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“We won’t post or share your WhatsApp number with others, including on Facebook, and we still won’t sell, share, or give your phone number to advertisers,” reads the post.

Again, only account data is shared with Facebook, not your chats and media.

Data sharing is purely for the purpose of improving users’ Facebook ads and products experiences, the company ensures. It also lets it do things like track basic metrics about how often people use these services and better fight spam on WhatsApp.

After accepting data sharing, you’ll see better friend suggestions and more relevant ads on Facebook. “For example, you might see an ad from a company you already work with, rather than one from someone you’ve never heard of,” says the firm.

More information is available in this WhatsApp support document.

Thankfully, you can easily opt out, right when the prompt goes up, or within 30 days of accepting the new terms, here’s how.

Method #1

If you haven’t yet accepted the new Terms of Service and Privacy Policy:

1) Launch WhatsApp and you’ll see the updated terms. Tap Read to continue.

2) Scroll the text until you see a check box at the bottom of the screen. If you do not want your WhatsApp account information shared with Facebook, untick the box.

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3) Tap Agree.

Method #2

If you have already accepted the new terms, you will have an additional 30 days to opt out of data sharing by following these simple steps:

1) Launch WhatsApp and tap the Settings tab.

2) Now tap Account.

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3) Untick the box labeled “Share my account info” or toggle the control.

Doing so will stop sharing your WhatsApp account information with Facebook for the purposes of improving ads and products experiences.

When you opt out, the Facebook family of companies will still receive and use this information for other purposes. And what other purposes might these be? According to the official support document, your WhatsApp information is still being used to:

  • Improve infrastructure and delivery systems
  • Understand how these services are being used
  • Secure systems and fight spam, abuse or infringement activities

And that’s all there’s to it.

What if I agree to data sharing?

If you agree to data sharing, things like the mobile phone number your registered with WhatsApp and the last time you used the service will be used by Facebook to improve friend suggestions and make ads more relevant to you.

“Nothing you share on WhatsApp, including your messages, photos, and account information, will be shared onto Facebook or any of the Facebook family of apps for others to see,” ensures the firm.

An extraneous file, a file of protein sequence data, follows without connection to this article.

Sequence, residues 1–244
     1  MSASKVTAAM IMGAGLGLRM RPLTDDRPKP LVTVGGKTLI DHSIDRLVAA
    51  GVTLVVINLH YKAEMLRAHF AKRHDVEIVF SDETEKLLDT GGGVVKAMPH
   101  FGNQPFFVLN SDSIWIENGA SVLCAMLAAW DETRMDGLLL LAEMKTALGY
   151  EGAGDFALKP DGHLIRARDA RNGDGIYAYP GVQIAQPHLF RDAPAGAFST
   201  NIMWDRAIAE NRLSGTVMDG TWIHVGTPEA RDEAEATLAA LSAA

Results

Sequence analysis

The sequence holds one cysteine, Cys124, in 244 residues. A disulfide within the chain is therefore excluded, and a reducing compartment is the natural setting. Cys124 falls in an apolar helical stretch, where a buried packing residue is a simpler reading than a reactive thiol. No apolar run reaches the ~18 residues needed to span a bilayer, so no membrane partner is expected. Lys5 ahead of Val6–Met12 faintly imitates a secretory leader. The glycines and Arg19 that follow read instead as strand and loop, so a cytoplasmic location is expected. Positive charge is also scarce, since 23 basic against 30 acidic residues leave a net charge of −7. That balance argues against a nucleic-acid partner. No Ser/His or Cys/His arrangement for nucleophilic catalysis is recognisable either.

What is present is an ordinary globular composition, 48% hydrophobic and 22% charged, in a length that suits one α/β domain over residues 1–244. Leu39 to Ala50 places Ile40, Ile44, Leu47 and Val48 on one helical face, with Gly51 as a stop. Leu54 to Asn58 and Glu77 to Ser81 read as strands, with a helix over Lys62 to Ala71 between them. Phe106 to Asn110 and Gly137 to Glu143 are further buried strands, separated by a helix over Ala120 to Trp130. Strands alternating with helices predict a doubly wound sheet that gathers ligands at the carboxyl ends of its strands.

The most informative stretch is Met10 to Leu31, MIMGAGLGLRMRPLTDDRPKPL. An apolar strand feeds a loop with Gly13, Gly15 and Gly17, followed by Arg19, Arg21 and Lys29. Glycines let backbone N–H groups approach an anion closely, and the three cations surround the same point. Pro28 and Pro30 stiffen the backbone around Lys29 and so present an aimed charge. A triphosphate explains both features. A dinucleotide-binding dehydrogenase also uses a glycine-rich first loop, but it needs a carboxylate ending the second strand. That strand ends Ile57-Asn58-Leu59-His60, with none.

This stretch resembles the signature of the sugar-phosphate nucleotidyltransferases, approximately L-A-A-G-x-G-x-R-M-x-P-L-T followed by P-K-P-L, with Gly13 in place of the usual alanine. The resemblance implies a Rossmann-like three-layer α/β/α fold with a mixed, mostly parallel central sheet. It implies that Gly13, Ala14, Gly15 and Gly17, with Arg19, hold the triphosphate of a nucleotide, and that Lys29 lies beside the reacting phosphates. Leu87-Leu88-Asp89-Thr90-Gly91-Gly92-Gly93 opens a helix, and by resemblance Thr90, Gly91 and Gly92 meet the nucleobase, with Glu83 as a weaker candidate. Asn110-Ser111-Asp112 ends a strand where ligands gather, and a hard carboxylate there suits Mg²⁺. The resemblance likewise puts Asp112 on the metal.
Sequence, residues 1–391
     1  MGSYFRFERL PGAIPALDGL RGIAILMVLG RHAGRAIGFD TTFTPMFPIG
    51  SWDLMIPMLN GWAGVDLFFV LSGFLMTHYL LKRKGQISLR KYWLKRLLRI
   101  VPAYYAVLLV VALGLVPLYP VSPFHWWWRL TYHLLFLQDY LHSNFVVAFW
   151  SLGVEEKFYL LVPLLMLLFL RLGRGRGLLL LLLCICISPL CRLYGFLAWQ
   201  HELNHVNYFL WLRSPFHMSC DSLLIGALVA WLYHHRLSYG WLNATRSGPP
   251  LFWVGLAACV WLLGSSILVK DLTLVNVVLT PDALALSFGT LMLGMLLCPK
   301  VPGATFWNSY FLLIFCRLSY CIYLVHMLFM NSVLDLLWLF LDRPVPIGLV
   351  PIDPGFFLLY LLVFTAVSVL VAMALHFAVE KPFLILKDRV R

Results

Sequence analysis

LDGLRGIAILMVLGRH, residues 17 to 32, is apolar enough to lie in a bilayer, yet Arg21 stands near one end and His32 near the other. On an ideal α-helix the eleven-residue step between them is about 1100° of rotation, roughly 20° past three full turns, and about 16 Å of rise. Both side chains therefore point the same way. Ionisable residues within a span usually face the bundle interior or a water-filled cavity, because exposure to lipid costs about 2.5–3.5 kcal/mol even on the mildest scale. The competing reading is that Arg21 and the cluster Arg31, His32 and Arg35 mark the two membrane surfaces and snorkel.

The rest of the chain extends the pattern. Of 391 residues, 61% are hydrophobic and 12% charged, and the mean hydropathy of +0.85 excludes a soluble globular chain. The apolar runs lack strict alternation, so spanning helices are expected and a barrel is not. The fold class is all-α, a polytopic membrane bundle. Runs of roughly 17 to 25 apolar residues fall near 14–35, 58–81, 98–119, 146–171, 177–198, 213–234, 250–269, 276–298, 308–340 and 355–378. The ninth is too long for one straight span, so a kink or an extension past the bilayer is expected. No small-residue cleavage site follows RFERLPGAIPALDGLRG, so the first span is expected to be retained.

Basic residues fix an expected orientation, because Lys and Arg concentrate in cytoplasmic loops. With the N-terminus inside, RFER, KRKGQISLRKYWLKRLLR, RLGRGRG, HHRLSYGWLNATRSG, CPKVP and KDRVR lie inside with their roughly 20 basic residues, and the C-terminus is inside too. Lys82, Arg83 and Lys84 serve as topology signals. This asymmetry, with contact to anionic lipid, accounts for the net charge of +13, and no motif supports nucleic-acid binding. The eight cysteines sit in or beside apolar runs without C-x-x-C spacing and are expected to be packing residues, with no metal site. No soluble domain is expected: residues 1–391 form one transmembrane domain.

Also, Facebook currently has no plans to start serving ads through WhatsApp.


Sony announces an aftermarket Apple CarPlay & Android Auto audio system for $499

Sony has announced its first smart car audio system, the XAV-AX100. The system is compatible with both, Apple CarPlay as well as Android Auto, so regardless of which smartphone you have you are covered.

The double DIN system has a large capacitive touchscreen display up front with physical buttons to change the track and also a rotating volume dial so you can control basic system functions without taking your eyes away from the road.

It also includes a 4x 55W amp with Sony’s Extra Bass feature, and a 10-band equalizer. You also get 3 pre-out connectivity ports for connecting additional amplifiers and other accessories. The Dynamic Stage Organizer feature also compensates for the downward firing door speakers and improves clarity.

The XAV-AX100 is priced at $499.99 and will be available in North America by late November.


If you use these features in Chrome you should get a Chromebook before 2018!

Google announced that it’s planning to phase out support for its browser-based Chrome apps for every single OS except – of course – Chrome OS proper. That means no Chrome apps will be available to download on Windows, Mac or Linux starting the second half of 2017, and in early 2018, existing apps won’t load at all on those platforms.

The reason? People just didn’t use them. According to Google:

There are two types of Chrome apps: packaged apps and hosted apps. Today, approximately 1 percent of users on Windows, Mac, and Linux actively use Chrome packaged apps, and most hosted apps are already implemented as regular web apps.

Instead, Google will be doubling down on extensions and themes, which are getting a more prominent showcase in the Chrome Web Store.

The company says the Web has matured enough to support experiences that used to require dedicated offline apps, such as sending notifications or connecting to hardware. Still, the company is keeping native apps on Chrome OS, saying they play a “critical role,” — clearly there is some advantage to them, but that’s simply by virtue that Chrome OS can only run Chrome apps.